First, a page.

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For anyone who enjoys embroidery, embroidery scissors are a must have part of your equipment. As you’re finishing each section or a section of stitches, it’s necessary to trim threads closely and accurately. This means embroidery scissors must have sharp tips that will quickly trim thread as close to the embroidery canvas as possible.
Another thing you’re navigating, especially if a single section of embroidery is complex and contains numerous different threads, is that you’ll have to trim threads while the section of fabric is still on the hoop. This can be challenging. Larger flat scissors won’t allow you to get the scissor blades close enough to the fabric unless the embroidery hoop is also very large. This can mean you’re not trimming as closely as you need, or you’re scraping your knuckles on the hoop.
To this end, embroidery scissors are extremely helpful. They come in several varieties and you can pick the ones that best fit your hands, style and cutting needs. The simplest embroidery scissors are short scissors with sharp tips, and these can be used in many different sewing applications. They will easily fit within most medium-sized to large hoops for close cutting.
Another embroidery scissor design looks quite different. Instead of focusing on length, the head mechanism of the scissors is bent upward from the tips of the scissors. This allows for you to trim close with scissor finger openings an inch or two above the hoop. A design like this, which looks like a scissor bent into right angles, is the best choice if you typically use very small embroidery hoops, or a variety of hoop sizes. You won’t have to worry about the hoop coming into contact with the embroidery scissors, which may impair cutting ability.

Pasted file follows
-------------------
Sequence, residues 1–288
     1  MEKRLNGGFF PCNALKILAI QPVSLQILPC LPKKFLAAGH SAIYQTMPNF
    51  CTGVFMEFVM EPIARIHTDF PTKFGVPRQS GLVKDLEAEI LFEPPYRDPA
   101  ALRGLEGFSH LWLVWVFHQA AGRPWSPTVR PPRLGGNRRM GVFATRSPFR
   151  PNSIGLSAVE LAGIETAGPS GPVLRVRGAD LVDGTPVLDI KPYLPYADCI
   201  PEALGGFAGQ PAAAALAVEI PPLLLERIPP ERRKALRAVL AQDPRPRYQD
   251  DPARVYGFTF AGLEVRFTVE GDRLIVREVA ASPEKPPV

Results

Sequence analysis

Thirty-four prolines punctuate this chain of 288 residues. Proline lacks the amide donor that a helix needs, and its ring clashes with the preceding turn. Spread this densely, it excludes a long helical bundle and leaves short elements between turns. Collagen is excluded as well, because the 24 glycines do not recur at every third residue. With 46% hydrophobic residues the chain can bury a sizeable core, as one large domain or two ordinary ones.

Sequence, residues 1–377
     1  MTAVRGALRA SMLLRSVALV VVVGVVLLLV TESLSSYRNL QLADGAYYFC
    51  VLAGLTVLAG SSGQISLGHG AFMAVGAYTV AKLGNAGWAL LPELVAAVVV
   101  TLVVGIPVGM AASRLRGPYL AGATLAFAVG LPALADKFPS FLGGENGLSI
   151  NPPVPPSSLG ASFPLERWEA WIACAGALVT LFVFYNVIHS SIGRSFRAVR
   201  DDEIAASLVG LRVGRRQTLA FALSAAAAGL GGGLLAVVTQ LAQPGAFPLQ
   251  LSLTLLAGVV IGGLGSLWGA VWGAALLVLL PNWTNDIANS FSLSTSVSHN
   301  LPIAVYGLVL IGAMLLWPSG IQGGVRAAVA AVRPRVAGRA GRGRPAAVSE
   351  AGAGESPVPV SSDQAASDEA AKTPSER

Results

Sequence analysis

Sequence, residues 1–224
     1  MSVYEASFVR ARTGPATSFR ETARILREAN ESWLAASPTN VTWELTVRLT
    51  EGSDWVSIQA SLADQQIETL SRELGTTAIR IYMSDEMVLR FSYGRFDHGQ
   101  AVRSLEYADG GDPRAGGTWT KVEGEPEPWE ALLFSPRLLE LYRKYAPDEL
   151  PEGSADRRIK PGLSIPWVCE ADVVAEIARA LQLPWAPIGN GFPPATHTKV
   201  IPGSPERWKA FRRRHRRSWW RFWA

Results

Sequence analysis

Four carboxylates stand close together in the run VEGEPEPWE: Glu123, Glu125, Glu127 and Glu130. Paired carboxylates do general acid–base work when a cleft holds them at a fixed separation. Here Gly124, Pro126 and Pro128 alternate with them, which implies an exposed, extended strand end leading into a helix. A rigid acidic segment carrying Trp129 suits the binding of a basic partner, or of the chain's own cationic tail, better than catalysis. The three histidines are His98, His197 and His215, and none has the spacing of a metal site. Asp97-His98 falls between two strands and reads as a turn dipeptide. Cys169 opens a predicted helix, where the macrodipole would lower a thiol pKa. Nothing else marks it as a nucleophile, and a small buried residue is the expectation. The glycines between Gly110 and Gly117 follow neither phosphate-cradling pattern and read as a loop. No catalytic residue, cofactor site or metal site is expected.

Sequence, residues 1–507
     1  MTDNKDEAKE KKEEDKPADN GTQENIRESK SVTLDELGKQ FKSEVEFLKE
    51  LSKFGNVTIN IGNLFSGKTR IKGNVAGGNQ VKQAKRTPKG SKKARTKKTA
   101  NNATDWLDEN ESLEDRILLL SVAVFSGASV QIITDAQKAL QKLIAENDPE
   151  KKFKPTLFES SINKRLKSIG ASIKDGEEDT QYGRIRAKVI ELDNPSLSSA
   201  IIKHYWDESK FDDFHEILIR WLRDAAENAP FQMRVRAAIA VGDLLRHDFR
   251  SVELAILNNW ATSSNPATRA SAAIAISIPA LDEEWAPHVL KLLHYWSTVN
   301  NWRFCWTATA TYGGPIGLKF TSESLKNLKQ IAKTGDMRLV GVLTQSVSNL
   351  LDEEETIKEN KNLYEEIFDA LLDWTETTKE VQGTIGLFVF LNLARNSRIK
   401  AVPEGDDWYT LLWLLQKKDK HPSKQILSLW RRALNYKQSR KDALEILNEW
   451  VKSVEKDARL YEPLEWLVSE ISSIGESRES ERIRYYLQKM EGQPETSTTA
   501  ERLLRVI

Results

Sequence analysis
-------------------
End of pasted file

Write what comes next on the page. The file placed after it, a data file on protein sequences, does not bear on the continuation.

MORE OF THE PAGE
A practical use outside of embroidery for these bent types is when you’re working on your sewing machine. When you need to pick out a dropped stitch, or trim threads close to fabric still on the machine, the upward bend of the scissors can be helpful in accurate clipping. The blades of the scissors may have a slight upward curve to ensure you trim thread without cutting fabric.
Some embroidery scissors do not feature finger holes. Instead they slightly resemble pliers with more flexible outward extending handles. You simply squeeze the two handles together to provide a close cut.
You’ll find extraordinary range of style and price when you look for embroidery scissors. If you’re left-handed, look for left-handed scissors. People with larger fingers may appreciate the pliers style scissor, or those made with extra large wholes. Price range on these helpful sewing aids can be anything from about $10- 40 US Dollars (USD).
The tiny scissors mentioned are also expensive little devils. I use the kind of scissors most elementary school children buy for school and I use a seam ripper if I have to take out stitches. I think it's more precise.
The main attribute for embroidery scissors is, in my opinion, sharpness. They have to be sharp, so they can cut through various thicknesses of thread.
I'd love to have a pair of vintage embroidery scissors. They are usually ornate and lovely, but I don't have that kind of cash when I can get a decent pair for $3.
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